001142 Study on NC Hog Industry Waste ProblemsNovember 24, 2000
Raleigh, NC - Companies that buy hogs from farmers contribute to the problem of foul-smelling waste lagoons and should not shirk helping to finance alternate technology to handle hog wastes, an environmental group contends.
Environmental Defense studied alternate technology and pork company finances before drawing the conclusion that the processing industry can afford the expense. The pork industry questioned the findings as premature.
“The question is always asked, `Is this affordable?' Since no one has gotten beyond the rhetoric of cost, we're trying to provide an answer,” said Dan Whittle, an attorney with Environmental Defense.
On major hog farms, waste from hogs falls into channels in the barn floor, then are mixed with water and piped to ponds called lagoons. Natural processes break down the waste, and the liquid is drawn off and applied to fields as fertilizer.
The average cost for changing from lagoons to new technology would be 2 cents to 3 cents per pound of pork, said Kathy Cochran, an economist with the group.
Critics of the lagoon system complain of the smell that permeates nearby areas and of potential dangers to the environment when lagoons burst. The most notorious case in North Carolina was the breach of a lagoon in 1995 at an Onslow County farm in the state's eastern part and sent 25 million gallons of feces, urine and water into the New River.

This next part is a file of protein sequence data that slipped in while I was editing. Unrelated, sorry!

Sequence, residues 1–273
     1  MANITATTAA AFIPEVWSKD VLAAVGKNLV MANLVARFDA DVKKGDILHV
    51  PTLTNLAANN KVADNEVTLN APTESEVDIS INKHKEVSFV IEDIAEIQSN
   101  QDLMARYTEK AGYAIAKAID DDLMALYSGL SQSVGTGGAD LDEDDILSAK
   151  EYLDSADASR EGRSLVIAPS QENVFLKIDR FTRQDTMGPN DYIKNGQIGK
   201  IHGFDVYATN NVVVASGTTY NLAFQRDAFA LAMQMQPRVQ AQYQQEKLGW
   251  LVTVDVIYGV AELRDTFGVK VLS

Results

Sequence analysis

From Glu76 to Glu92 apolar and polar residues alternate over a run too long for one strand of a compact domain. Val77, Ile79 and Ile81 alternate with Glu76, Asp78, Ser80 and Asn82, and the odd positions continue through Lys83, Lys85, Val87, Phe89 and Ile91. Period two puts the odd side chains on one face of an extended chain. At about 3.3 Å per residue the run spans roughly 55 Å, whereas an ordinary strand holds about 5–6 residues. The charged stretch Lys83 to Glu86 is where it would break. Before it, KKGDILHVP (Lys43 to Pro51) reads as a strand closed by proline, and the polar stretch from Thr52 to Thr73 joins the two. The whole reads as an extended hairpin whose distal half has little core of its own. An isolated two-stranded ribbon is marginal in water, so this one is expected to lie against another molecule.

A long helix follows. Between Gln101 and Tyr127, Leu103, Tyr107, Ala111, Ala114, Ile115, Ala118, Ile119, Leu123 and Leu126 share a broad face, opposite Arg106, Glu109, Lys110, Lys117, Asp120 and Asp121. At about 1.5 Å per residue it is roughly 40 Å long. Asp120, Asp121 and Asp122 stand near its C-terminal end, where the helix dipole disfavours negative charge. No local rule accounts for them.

North Carolina State University is studying feasible alternatives to lagoons to handle the 50,000 tons of waste generated every day by the state's 10 million hogs. Smithfield Foods donated $15 million to the research and has offered to help its farmers install new technology once it is identified.
Beth Ann Mumford of the North Carolina Pork Council said the Environmental Defense study overlooks efforts already under way to deal with the problem.
Agreements between the state and Smithfield and other producers “pretty much recognize that we don't know whether there are cost-effective and viable alternatives out there,” she said. “Any conversation now as to who should pay for what is irrelevant until we know what we're looking at.”
Whittle said the Environmental Defense study showed companies can afford to take a larger role in paying for the conversion from lagoons to other waste disposal methods. He said the study showed the $2 billion pork industry is robust even when pork prices are down.